Let me pat myself on the back for this one because I’ve been doing the right things. I’ve ramped up my miles using a Runner’s World 3:00 marathon goal training plan available through Training Peaks. It syncs with my GPS sportswatch. I’ve followed the training religiously, mixing hill work, speed work, tempo, race pace, and long, slow, distance runs. The three PRs I’ve amassed in the half marathon this fall have also been good practice. I’m training for a three-hour marathon. If all goes well, that gives me ten minutes of “what have I done” time through miles 21 to 26.2.

I’d say the training has helped me the most, but training can do only so much. Runners need support. What (or whom) do these BQ runners credit with helping them most in their BQ run?

Ben Newell:

My training partner Yong Zeng and I pursued the goal of qualifying for Boston together after our first marathon in Chicago. It was great having someone to compete with along the way. All of my Second Wind Running club running companions and the programs they offer were also a big help, especially the weekend-long run course marking and aid stations.

Ben Newell and Yong Zeng at the 2008 Detroit Marathon.

Breaking 3:10 is a daunting challenge, and there are times when my emotions swing from “I’m crazy,” to “I’m gonna nail this!” But what do my friends think the greatest challenge will be in running a marathon under BQ?

Ben Newell:

Maybe stop reading here; I don’t want to discourage you. 3:10 is HARD! I had run a 1:29 half marathon prior to attempting my BQ, and the pace calculators will project a 3:07. Well, I worked my ass off training for that 3:09:26, and the last three miles of my race were the most difficult miles I have ever run! Correlating half marathon or any short distance time to a marathon finish time is tough.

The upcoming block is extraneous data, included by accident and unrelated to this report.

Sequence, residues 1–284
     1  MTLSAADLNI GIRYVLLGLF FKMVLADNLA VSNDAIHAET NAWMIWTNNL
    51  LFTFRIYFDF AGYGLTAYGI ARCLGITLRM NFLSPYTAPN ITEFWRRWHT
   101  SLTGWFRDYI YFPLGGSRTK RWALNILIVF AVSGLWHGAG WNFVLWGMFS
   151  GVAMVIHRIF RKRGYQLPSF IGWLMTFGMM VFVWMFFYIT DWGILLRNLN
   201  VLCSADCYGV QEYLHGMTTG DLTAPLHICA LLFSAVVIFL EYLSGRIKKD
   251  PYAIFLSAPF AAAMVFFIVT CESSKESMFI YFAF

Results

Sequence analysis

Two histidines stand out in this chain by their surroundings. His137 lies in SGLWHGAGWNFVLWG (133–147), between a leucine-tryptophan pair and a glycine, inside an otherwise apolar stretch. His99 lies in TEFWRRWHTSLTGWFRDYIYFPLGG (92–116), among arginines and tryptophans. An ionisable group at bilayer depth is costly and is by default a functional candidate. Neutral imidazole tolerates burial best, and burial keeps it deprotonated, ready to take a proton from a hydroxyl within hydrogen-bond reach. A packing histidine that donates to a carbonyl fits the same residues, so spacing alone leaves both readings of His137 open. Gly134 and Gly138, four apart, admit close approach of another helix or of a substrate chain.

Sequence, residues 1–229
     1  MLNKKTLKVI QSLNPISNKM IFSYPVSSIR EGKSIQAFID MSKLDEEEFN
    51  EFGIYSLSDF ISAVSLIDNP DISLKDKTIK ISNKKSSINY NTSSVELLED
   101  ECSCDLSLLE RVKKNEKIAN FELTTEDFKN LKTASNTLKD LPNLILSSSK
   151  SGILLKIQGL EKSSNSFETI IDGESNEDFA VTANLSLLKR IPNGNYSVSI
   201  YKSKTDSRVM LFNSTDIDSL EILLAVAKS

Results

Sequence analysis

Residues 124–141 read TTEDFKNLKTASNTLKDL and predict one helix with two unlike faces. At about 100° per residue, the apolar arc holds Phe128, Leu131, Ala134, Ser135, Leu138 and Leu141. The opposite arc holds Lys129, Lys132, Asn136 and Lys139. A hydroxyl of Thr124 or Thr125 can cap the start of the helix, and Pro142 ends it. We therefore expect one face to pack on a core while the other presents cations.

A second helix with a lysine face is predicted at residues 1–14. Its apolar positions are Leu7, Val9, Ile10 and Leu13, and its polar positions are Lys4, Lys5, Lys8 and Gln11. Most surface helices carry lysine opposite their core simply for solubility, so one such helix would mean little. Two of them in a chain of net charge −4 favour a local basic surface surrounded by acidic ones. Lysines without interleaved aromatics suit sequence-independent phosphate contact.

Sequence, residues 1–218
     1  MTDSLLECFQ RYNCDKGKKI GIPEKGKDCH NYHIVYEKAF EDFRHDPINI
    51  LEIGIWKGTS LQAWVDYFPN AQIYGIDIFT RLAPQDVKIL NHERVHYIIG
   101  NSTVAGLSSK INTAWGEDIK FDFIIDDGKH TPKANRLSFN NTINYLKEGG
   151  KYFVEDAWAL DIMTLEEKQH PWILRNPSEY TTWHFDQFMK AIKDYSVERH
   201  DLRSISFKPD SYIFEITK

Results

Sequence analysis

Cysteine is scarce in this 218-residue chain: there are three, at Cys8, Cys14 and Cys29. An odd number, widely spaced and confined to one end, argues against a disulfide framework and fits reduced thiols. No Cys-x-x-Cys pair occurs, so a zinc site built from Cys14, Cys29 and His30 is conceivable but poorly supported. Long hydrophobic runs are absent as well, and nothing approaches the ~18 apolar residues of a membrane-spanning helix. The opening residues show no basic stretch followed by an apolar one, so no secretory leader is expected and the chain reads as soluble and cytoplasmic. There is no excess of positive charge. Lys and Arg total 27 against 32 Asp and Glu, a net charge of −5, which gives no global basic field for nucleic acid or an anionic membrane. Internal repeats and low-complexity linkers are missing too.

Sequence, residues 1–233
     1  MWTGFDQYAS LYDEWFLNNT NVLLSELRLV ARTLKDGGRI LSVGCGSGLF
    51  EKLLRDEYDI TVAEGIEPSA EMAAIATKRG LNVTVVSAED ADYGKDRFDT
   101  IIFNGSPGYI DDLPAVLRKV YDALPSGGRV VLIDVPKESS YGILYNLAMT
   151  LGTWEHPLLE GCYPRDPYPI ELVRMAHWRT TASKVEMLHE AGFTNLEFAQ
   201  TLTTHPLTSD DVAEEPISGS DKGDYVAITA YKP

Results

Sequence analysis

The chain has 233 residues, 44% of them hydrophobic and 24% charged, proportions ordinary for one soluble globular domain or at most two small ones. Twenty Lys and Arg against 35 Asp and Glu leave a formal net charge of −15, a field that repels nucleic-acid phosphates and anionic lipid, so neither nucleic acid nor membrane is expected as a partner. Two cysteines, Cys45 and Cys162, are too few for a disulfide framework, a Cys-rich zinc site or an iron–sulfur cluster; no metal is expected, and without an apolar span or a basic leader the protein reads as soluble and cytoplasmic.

I think your greatest challenges, having been so long since running a marathon, are (a) not having a good gauge of your marathon fitness and how your body will react to the final miles of the race, and (b) whether the work you put in for your half PR will translate to a 3:10 or if you need to over-train. Keeping pace for 26.2 miles is tough, and I know several dedicated, hard working sub 1:30 half marathoners whose marathon PRs are ~3:15–3:20.

Julia Williams:

I think the greatest challenge of running an aggressive marathon is discipline. Of course, the first significant portion of the race will (and should) feel easy, but in a marathon, picking up pace too early can really affect you later in the race. I believe this is due to the large mental component of the marathon — the focus it requires is incredibly taxing on top of the physical challenge.

Marty Williams:

If you haven’t done a marathon in four years, then running a sub 3:10 (3:10:01 just doesn’t count) could be somewhat exceptional. It’s possible, but I think a lot of things beyond your control will need to be on your side. You know, weather, health, travel luck, etc.

If it doesn’t come together exactly as planned in January, keep your chin up. You’re in this for the long run. There are so many benefits from distance running, in the bigger picture, what does it really matter if you run a 3:09 or a 3:29 or even a 5:00?

Marty Williams in flight at the Indianapolis Marathon this fall.

Sobering. That’s what this is. Right now, I feel disciplined. I feel confident. I’m in the best shape of my life. Yet, what Ben, Julia, and Marty say is eye opening. I must prepare myself for failure, yet understand that discipline, starting slowly, and running with confidence could be the difference between reaching my goal.

I have no doubt that, barring a disaster, I will PR. Will I BQ though? That remains to be seen.